I often struggle with how to accurately score movies. This topic is part of a series dealing with voting-related problems, challenges, phenomenons and paradoxes — all as part of a quest whose end-goal is to correctly reflect my appreciation of movies when rating them:
- • On what basis do you rate films ?
- • The rock/paper/scissors paradox: ranking A>B and B>C but C>A ?
- • Do you change your ratings ?
- • How to deal with our changing taste over time ?
- • How do you rate movies seen long ago ?
- • How do you rate movies you have abandoned halfway through ?
- • How granular are your ratings ?
- • Do you rate ridiculously bad movies 0 or >0 ?
- • RULES that help you decide how to vote
- • How do you account for the novelty factor and the chronological order in which you watched your movies ?
- • How do you handle the observer effect ?
Physicists have to deal with the observer effect:
In the world of movies, we encounter a similar effect sometimes:https://en.wikipedia.org/wiki/Observer_effect_(physics) wrote:In physics, the observer effect is the theory that the mere observation of a phenomenon inevitably changes that phenomenon.
Even good movies can be watched to death:SpikyCactus @ viewtopic.php?f=6&t=7815#p68771 wrote:if I've watched a film before (and can remember anything about it), then the fact I've seen it before will colour how good I think it is on the second or subsequent viewings. Some movies can be seen again and again without really seeming to be better or worse, whilst others lose a lot of their impact after the first time, or actually get better on repeated viewings.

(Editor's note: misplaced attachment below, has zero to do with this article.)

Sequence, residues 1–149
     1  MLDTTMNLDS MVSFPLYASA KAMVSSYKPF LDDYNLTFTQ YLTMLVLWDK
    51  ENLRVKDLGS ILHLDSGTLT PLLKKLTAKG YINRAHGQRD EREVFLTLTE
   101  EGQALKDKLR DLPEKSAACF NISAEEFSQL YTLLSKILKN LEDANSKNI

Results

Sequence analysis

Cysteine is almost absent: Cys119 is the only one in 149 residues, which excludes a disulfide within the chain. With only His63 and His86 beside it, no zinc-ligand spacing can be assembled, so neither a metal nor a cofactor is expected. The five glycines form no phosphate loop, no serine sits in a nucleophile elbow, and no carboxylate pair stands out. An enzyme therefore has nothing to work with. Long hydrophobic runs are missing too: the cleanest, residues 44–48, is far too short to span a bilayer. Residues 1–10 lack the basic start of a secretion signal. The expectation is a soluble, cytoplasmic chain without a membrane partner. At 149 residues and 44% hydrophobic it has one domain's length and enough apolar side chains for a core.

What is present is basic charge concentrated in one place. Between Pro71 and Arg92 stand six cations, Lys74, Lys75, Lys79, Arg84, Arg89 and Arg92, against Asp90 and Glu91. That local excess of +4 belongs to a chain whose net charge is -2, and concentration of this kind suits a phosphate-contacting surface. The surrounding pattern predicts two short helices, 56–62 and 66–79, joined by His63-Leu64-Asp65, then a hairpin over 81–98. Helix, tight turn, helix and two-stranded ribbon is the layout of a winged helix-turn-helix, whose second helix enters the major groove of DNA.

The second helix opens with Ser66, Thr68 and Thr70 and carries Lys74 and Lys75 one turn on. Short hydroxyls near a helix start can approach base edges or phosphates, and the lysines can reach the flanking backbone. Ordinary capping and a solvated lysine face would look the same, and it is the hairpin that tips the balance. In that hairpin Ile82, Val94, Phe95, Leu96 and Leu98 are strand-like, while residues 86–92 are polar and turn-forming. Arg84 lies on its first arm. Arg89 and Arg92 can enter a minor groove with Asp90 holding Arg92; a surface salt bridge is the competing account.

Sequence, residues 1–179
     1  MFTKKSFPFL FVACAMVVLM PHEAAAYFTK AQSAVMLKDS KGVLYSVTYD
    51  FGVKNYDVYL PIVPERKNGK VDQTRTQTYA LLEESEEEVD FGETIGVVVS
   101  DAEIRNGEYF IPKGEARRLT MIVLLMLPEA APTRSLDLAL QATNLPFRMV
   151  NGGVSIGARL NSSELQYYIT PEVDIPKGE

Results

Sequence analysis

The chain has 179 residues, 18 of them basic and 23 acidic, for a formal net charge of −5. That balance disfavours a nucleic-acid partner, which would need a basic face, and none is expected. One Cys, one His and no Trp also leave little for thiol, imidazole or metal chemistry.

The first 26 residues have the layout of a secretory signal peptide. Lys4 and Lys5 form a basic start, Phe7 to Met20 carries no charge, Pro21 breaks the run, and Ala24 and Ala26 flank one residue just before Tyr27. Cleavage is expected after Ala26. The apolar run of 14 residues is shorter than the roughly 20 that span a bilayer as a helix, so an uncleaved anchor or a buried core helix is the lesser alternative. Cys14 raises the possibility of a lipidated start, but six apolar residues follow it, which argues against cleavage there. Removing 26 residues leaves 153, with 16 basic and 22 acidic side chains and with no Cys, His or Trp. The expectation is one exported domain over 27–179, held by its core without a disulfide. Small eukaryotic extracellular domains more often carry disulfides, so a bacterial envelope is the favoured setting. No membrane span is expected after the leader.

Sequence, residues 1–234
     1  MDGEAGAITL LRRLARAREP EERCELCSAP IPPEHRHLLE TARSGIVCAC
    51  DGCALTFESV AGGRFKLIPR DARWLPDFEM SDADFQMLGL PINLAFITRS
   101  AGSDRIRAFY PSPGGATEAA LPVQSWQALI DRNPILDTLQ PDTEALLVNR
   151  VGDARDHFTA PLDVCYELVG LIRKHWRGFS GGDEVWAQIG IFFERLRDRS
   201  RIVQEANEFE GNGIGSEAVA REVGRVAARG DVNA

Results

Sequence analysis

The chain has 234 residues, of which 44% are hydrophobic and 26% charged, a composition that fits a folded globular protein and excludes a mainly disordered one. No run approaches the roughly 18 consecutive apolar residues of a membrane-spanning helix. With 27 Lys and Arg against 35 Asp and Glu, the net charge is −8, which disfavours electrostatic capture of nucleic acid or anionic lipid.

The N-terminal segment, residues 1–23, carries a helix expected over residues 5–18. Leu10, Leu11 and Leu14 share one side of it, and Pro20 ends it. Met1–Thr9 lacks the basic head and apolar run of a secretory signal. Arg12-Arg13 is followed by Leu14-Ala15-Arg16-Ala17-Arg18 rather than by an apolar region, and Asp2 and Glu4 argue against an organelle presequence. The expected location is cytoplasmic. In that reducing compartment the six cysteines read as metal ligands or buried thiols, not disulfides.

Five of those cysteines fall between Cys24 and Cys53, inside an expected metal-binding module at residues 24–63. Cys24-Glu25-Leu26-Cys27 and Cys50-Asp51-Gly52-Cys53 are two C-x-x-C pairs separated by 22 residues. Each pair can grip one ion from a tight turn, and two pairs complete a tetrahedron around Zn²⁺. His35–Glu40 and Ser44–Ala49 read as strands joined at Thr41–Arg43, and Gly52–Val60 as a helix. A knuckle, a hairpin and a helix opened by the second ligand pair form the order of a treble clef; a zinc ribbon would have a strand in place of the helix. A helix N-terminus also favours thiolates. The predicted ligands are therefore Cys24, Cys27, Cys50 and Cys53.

chmul_cr0n @ viewtopic.php?f=6&t=5506#p67076 wrote:they became stale, because they weren't meant to be watched 30 million times...
Even watching a film only for a second time may give considerably different results:
livelove @ viewtopic.php?f=6&t=5506#p52354 wrote:because you already know some spoilers, so for the category of movies that rely heavily on suspense, you won't be that excited any more the second time you watch it, since you already know what happens, including the movie's major twists and turns. […] the excitement of seeing something completely new, fresh and never-seen-before is gone (almost by definition) the 2nd time you see it. So IMO rating a movie on second sight is bound to yield a distorted rating.
The bottom line is:
The number of viewings might have an impact on the film's score.
Our film list consists of films seen only once and films seen multiple times.
The latter's scores may differ significantly from their score on first viewing.
So it's hardly a fair and balanced comparison.
It's more like comparing movies seen on a big cinema screen with movies watched on your mobile phone ...
Any good ideas how to handle this ?